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Saturday, February 11, 2006


FILM SCHOOL will be performing live on KEXP today at 1PM.

You can always listen to KEXP on their site at http://kexp.org

This sets up their show later this evening at the
John in the Morning At Night 2006 @ Chop Suey
Saturday February 11th

This concert is a benefit for the Public Radio Station WWOZ in New Orleans with:
The Black Angels
Film School
Silversun Pickups
Common Market
Sera Cahoone

KEXP will also be broadcasting live from Chop Suey starting at 6pm with Sera Cahoone and Common Market performing live from Chop Suey on the air!

More about WWOZ in New Orleans:

Seattle's THREE IMAGINARY GIRLS said this about the Film School record:

Album Reviews: Spider "The Way to Bitter Lake"
Rating scale 0-11
11 = perfect ... 0 = awful.

spider Film School — "Film School" {8.4}
{Beggars Banquet}


By Salvador Santos

By about the fourth songs on Film School's self-titled debut on Beggars Banquet, it becomes painfully obvious that frontman Krayg Burton spent most of his teenage years singing Cure songs in the shower. But, what with all the buzz and hubbub from pop-media elitists such as NME, Music Week, and Jane Magazine, this San Francisco fuzz-rock band seems poised on the doorstep of breakthrough. Like recent up-and-comers Arcade Fire and TV on The Radio, Film School have managed to turn our collective heads with a sound which successfully combines at least four decades worth of influences into sublime pop confections.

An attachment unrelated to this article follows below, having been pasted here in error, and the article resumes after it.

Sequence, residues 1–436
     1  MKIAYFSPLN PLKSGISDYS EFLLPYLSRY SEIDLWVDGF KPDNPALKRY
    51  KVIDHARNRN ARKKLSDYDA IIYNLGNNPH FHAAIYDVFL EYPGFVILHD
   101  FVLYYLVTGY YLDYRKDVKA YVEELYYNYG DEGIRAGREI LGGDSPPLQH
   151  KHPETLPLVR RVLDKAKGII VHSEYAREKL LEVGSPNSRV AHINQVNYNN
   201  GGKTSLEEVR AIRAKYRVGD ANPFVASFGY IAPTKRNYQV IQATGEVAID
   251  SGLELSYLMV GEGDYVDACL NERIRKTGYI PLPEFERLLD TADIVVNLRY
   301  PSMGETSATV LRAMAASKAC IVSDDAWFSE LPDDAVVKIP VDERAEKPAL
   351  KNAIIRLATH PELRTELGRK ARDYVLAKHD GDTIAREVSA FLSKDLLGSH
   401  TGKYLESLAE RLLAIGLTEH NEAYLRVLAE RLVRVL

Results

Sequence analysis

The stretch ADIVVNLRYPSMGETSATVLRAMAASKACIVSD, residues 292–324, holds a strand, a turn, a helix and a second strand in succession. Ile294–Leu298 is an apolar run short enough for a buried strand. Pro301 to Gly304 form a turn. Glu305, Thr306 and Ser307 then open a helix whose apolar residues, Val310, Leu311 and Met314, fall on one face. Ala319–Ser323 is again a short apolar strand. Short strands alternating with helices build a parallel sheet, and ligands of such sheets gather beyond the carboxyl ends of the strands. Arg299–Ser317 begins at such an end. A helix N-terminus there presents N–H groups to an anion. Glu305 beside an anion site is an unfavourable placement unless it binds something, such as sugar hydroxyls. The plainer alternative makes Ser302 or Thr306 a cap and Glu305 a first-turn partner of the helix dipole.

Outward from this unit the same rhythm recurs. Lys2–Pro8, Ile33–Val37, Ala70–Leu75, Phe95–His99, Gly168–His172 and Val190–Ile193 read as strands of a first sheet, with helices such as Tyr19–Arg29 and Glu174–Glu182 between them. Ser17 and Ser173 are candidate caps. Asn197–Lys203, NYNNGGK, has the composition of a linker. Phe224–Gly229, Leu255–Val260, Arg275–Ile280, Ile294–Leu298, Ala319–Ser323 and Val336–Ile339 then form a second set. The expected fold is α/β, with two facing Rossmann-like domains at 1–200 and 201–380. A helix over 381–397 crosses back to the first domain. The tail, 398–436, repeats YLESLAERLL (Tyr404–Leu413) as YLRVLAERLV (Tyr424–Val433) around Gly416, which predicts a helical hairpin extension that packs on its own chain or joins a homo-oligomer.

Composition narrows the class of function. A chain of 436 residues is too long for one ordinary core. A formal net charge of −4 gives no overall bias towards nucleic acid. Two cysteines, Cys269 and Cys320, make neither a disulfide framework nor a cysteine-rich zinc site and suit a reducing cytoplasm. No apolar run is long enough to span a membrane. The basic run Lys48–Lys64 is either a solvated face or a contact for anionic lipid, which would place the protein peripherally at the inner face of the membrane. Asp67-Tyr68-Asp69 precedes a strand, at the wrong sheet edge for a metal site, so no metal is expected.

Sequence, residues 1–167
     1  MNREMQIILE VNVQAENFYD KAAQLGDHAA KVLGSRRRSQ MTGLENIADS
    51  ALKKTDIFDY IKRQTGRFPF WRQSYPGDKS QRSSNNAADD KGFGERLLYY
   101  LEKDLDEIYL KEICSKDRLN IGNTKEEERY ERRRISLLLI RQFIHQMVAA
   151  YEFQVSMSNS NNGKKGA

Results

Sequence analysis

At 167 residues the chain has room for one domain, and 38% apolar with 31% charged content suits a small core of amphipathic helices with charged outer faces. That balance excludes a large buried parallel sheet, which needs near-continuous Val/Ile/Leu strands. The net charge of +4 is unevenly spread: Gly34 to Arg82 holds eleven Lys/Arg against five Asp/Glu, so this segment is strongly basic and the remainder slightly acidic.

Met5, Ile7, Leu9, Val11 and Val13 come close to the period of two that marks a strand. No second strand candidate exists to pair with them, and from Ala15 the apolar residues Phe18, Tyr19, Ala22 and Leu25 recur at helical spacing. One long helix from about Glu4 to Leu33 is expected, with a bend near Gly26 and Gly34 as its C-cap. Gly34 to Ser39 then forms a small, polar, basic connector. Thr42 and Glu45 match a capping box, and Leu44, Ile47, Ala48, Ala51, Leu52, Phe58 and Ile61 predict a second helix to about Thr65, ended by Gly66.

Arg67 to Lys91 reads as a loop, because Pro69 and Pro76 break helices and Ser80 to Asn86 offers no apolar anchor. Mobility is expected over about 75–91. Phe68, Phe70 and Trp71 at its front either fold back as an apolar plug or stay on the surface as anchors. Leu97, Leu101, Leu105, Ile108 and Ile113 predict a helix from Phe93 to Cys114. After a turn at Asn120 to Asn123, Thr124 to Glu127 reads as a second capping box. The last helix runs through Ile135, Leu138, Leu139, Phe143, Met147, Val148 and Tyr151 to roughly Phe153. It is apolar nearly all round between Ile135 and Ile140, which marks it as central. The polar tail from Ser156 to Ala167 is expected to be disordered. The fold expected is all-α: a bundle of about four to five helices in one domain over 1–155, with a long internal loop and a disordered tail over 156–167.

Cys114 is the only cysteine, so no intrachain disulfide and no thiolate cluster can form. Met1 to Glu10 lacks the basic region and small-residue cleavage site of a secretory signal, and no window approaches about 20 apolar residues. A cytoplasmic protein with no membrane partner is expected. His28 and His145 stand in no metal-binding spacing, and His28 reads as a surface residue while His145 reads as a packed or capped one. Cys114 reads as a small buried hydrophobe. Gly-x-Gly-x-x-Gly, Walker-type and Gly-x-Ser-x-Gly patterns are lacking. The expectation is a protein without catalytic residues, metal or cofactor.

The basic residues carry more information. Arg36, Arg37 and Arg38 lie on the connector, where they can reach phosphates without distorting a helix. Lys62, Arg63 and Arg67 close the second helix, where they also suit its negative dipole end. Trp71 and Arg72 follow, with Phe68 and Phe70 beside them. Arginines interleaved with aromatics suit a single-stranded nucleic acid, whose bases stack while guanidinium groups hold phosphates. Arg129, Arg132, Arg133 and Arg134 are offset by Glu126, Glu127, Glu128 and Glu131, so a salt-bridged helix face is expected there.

And what a better label to take on this ethereal rock bliss than the one who introduced us all to the likes of Gary Numan, Bauhaus and Love & Rockets? The UK label Beggars Banquet has always had a penchant for taking on extremely gifted, slightly left of mainstream artists, and Film School should have no problem fitting right in.

Like a collage or (pardon the Bush-ism) "human-animal hybrid" of genres, there are moments where you will swear you are listening to a more indie Echo & The Bunnymen. Similarly, you'll have to look at the CD packaging on more than one occasion to remind yourself that you are not listening to a Robert Smith collaboration project with either Mogwai or Kevin Shields (although that would kick ass). While songs like "Sick of the Shame" bring to mind the transcendental gauziness of Slowdive, laced throughout the record you will also hear throwbacks to 70's psychedelic bands such as The Who and Pink Floyd.

This is not to say that this record is "derivative" (my new favorite buzz-kill word), but rather that it is familiar, albeit dressed in new clothing... most likely tight pants with white belts. Familiar is a good thing when you can do it right.

I'd be damned surprised if these guys weren't invited to play on Conan O'Brien within the next six months.


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